Hyslop warns over state-appointed press watchdog

The debating chamber at the Scottish Parliament in Holyrood yesterday. Picture: Toby Williams

The debating chamber at the Scottish Parliament in Holyrood yesterday. Picture: Toby Williams

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A NEW state-appointed watchdog could be imposed on newspapers if there is no solution to the “impasse” surrounding an overhaul of press regulation, culture secretary Fiona Hyslop warned yesterday.

Newspaper chiefs have rejected the UK Coalition Government’s proposed Royal Charter drawn up after the Leveson report into phone hacking, amid concerns over interference with press freedom. The charter would see the creation of an independent regulator set up by the industry itself, but policed by a new state “recognition” panel.

The SNP Government wants to see this extended to Scotland and secured cross-party backing for this at Holyrood last night. But the industry has proposed its own Royal Charter plan limiting the role of Government.

Ms Hyslop told MSPs yesterday: “Indications from my discussion with the Advocate General are that the UK Government remains unwavering in wanting to present their own version of the charter to the Privvy Council.”

She added: “If the press impasse remains and if the recognition panel has no-one to recognise then it will report to both parliaments and stronger statutory measures may then be the only option.”

The Scottish Government has secured cross-party support for its proposal to sign up to the UK royal charter and to consider possible incentives for membership of a new regulatory body for the press.

The shake-up of regulation follows the publication of the report by Lord Justice Leveson last year into abuses perpetrated by the newspaper industry, including the hacking of murdered schoolgirl Milly Dowler’s phone while she remained missing. The outcry led to the closure of the country’s biggest selling paper, the News of the World.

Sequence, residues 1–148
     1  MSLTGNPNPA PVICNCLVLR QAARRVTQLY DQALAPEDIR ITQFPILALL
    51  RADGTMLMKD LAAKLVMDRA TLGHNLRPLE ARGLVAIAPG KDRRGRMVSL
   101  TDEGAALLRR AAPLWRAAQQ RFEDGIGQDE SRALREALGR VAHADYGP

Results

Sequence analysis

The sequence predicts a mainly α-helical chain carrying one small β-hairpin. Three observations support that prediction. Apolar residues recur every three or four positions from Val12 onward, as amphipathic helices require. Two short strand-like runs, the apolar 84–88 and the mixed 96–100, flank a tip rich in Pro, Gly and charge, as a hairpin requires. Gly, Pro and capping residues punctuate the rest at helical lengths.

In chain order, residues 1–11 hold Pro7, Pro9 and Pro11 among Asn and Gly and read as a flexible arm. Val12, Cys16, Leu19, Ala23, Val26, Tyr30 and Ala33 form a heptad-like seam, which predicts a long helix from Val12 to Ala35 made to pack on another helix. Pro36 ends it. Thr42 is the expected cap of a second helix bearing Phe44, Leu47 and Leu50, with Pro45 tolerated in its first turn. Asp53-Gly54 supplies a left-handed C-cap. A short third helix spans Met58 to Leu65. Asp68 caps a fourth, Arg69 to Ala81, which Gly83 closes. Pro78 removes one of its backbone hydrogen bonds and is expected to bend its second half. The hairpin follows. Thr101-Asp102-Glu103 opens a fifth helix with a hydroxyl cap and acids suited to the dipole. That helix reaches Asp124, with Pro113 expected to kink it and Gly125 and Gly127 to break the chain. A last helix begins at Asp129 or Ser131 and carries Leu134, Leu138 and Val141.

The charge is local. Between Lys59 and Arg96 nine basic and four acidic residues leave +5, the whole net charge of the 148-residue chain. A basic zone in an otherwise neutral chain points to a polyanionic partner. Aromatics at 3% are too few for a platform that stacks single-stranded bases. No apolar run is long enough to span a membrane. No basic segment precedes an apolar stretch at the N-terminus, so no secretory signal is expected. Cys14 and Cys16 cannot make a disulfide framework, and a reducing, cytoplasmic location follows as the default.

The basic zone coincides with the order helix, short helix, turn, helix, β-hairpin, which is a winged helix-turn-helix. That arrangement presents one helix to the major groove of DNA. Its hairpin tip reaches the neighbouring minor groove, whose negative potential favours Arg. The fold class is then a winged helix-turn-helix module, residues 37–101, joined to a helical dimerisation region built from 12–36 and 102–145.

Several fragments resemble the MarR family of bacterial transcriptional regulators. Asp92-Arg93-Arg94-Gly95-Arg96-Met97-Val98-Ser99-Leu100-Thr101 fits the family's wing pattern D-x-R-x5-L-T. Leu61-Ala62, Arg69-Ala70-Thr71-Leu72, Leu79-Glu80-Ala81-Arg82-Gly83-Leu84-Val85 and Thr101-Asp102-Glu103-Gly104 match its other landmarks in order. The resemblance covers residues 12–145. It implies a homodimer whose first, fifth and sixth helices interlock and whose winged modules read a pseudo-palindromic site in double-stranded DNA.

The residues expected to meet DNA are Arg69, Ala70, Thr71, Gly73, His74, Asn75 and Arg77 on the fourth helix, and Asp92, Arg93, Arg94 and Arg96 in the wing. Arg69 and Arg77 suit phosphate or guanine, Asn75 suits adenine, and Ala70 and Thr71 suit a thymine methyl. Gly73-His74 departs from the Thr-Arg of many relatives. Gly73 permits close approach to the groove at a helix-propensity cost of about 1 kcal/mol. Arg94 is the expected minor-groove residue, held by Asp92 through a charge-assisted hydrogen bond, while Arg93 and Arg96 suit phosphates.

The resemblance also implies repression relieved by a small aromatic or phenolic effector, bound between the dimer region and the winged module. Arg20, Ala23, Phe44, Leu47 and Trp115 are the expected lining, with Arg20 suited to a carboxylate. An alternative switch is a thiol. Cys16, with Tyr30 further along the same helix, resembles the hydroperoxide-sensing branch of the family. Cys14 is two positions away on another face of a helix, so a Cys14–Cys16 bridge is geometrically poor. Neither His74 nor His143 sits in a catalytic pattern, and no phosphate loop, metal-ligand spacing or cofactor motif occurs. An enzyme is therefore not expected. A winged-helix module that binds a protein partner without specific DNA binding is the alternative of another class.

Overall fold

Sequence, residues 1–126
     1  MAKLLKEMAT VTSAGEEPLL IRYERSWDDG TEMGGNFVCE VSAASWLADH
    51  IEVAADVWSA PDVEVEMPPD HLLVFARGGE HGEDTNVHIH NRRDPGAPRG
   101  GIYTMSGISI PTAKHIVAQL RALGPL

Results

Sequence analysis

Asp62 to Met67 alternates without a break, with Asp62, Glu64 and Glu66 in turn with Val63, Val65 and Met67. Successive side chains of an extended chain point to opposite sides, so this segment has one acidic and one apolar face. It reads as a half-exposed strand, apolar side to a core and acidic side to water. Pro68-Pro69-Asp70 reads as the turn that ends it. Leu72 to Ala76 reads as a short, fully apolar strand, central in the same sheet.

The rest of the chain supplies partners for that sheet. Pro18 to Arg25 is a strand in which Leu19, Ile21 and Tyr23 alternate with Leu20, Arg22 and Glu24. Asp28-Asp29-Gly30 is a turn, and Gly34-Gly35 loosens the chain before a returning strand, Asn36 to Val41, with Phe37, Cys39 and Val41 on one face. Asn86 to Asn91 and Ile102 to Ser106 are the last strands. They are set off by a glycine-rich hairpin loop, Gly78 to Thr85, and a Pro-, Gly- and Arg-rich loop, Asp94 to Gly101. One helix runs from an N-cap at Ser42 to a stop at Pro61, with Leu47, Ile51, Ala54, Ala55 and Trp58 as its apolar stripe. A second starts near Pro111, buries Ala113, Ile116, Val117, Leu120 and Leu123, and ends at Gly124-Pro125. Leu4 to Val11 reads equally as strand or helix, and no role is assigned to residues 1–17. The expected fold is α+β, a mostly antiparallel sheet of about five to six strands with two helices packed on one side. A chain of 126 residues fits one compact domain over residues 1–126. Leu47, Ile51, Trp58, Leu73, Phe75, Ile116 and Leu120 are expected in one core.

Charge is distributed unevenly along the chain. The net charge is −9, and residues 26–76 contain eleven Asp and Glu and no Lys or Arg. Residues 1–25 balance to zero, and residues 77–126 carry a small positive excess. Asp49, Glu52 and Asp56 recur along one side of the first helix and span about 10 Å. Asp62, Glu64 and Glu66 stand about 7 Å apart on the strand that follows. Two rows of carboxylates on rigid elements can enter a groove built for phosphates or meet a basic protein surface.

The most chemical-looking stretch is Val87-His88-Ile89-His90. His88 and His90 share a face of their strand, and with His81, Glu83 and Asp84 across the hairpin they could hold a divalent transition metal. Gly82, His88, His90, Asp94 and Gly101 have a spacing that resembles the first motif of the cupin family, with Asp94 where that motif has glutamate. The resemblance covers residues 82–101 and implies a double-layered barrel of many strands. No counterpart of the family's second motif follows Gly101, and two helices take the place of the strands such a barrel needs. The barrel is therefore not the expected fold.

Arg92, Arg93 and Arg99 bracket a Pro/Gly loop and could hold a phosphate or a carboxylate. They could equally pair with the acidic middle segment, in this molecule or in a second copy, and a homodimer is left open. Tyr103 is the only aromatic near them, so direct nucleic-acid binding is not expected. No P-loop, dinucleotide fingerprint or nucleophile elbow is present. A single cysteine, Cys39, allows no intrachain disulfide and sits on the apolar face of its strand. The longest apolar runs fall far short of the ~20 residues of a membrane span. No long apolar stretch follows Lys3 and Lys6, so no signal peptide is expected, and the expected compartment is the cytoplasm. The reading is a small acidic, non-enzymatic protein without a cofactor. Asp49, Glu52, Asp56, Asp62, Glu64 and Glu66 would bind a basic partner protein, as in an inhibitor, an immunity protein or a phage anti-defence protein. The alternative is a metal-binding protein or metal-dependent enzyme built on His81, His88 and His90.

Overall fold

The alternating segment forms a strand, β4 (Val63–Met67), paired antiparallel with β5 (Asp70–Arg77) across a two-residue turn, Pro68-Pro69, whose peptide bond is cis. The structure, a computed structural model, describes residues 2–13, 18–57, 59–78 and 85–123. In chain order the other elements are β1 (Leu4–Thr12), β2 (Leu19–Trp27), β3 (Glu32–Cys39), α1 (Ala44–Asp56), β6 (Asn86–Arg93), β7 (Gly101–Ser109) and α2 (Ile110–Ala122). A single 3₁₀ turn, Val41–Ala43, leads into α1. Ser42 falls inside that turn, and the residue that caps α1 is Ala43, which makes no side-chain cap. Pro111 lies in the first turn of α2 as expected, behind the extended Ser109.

An expert group, headed by former High Court judge Lord McCluskey, was appointed to look into the adoption of the Leveson principles in Scotland, but it attracted criticism after suggesting compulsory regulation of all publications, while Leveson had backed a voluntary approach to newspapers’ involvement.

Ms Hyslop added: “The expert group presented a system which could work under Scots law but made assumptions about the ability to either achieve political consensus or press agreement around that. It may be that if a voluntary approach fails that we would need to look at alternatives, but that is not where we are now.”

But the Scottish Government’s call for the Royal charter to include new protections for the recently deceased has been rejected by the Coalition.

It followed harrowing evidence by Margaret and James Watson who said negative reporting about their daughter Diane led to their teenage son Alan committing suicide. Sixteen-year-old Diane was stabbed to death by fellow pupil Barbara Glover after a playground argument in their Glasgow school in 1991.

But Ms Hyslop said Coalition ministers have “indicated they do not agree this should appear in the charter,”, amid concerns it could inadvertently thwart comment on individuals like Robert Maxwell or Margaret Thatcher in the aftermath of their deaths.

Labour culture spokeswoman Patricia Ferguson said the Royal Charter will provide a new system for “independent self-regulation” which seeks to incentivise rather than compel.

“It will be totally independent and it will operate on the guiding principle of freedom of the press,” she said.

“The regulator will have the power to order newspapers to publish apologies when they get information wrong. Crucially, those apologies will be given more prominence than has hitherto been the case.”

But there are also concerns that a new system could hammer the cash-strapped regional press in Scotland.

It must not create a “huge bureaucratic burden which is also very expensive”, Tory culture spokeswoman Liz Smith said.

“Some regional papers are facing huge financial constraints and, in some cases, finding it very difficult to operate at all,” she told MSPs.

“We do not do anything that will further jeopardise their future.”

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